That’s not bad. Maybe I’d have changed it a little, but it’s pretty close to the empowerment-themed message I’d have wanted to convey.

After checking out the statue, we’d have probably taken a break from sightseeing to get ice cream cones together. We could have relaxed and eaten them while sitting on a park bench and talking some more about all the wonderful things Roo was going to do with her life if she could be brave enough to look past barriers. It would have been a nearly perfect father-daughter day.

That guy who tried to ruin it all by humping the statue? Fine, I guess he doesn’t deserve to have his skull bashed open.

Could I at least have asked Roo to hold my ice cream cone while I shoved him to the ground and pretended to dry hump him so people could broadcast that all over social media? That seems fair and way more worthy of a viral share than his dumb stunt.

Maybe “Sketchy Dog” could prove useful after all. I could have positioned him to pee on humper.

At the very least, maybe he got fired from his fancy Wall Street job and had to move in with his parents in Muncie or Des Moines or somewhere equally unglamorous. Maybe he traded the stock market for a job stocking shelves at the local market, where he has plenty of time to think about his actions and the message he might want to convey to his own daughter someday.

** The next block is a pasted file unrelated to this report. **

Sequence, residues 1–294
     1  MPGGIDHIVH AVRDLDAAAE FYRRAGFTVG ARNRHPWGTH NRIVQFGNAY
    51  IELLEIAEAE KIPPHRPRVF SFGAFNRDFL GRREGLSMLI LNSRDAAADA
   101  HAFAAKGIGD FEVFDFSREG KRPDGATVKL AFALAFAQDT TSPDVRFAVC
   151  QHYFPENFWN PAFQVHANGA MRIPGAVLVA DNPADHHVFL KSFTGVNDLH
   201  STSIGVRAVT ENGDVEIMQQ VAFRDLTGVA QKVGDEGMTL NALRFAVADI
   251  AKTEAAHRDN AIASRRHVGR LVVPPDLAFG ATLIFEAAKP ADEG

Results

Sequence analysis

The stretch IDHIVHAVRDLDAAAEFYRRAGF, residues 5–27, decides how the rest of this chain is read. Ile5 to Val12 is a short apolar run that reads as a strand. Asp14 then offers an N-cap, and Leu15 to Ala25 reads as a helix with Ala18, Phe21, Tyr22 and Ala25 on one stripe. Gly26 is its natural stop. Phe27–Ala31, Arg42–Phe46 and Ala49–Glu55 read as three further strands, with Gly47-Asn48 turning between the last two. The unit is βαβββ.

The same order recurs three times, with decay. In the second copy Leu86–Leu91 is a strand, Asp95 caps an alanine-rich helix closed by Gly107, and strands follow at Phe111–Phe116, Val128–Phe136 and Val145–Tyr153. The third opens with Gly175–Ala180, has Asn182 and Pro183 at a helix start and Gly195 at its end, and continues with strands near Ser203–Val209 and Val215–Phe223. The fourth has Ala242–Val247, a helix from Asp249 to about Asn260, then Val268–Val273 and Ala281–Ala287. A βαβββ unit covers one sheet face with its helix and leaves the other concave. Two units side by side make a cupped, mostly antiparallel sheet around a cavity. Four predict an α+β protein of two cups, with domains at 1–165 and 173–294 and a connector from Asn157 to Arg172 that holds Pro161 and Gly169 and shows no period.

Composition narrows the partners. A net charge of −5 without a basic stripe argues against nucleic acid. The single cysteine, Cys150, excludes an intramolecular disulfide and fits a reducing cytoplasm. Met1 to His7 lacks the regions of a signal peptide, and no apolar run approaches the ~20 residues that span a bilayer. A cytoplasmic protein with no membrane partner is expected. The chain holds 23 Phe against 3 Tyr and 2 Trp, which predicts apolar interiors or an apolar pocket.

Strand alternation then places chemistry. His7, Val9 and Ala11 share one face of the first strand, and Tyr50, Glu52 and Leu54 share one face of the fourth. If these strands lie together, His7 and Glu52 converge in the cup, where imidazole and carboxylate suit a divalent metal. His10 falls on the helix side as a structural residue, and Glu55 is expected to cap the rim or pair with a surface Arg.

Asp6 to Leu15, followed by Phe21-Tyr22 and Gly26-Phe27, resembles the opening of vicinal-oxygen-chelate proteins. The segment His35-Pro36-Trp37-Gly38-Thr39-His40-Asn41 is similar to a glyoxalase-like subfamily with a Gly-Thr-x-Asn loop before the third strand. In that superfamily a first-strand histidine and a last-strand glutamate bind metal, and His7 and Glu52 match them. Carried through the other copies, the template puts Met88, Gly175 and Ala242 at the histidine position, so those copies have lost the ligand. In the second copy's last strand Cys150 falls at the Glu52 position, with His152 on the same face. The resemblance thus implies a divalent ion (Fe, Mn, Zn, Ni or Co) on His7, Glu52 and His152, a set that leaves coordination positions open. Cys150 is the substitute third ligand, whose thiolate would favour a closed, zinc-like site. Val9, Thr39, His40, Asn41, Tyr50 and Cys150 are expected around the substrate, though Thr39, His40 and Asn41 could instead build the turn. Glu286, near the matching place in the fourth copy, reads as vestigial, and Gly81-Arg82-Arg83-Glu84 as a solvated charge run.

In 2017, women can be anything they want to be with hard work, perseverance, and talent. Maybe there are still a few barriers in terms of unequal representation or unequal pay in some career fields, but the gap is rapidly narrowing.

A qualified and deserving woman almost won the Presidency in our most recent election. Let’s not forget she actually did win the popular vote by nearly 3 million votes.

That’s the sort of example we need to reinforce to all the girls and young women whose lives we touch every day. When someone tries to undermine the extraordinary strides we’ve made dating all the way back to women’s suffrage, we all need to speak up loudly.

As a father, I felt that kid was personally calling me and all fathers out when he made the dumb decision to stand next to the Fearless Girl statue while gyrating his hips and broadcasting his lewd display on social media. I felt compelled to stand up not just for my own daughter, but for all daughters.

With the perspective of hindsight, I’m sure that young man probably regrets his actions. In one brief moment of poor judgement, he made an ass of himself for the world to see. If a bright light were shone on our worst moments, I’m sure we’d all be hiding our faces in embarrassment at something stupid we’ve done.

Not only does he not deserve the beating a part of me dreams of delivering, but he also deserves a chance at redemption. I hope he has a family and a daughter of his own one day. I hope he gets that opportunity I didn’t have to teach his daughter all those important lessons I didn’t get to teach mine. I hope he tells her to be a Fearless Girl. Thought Catalog Logo Mark

Author of Will Little Roo Ever…? and Inside the Mind of an Iron Icon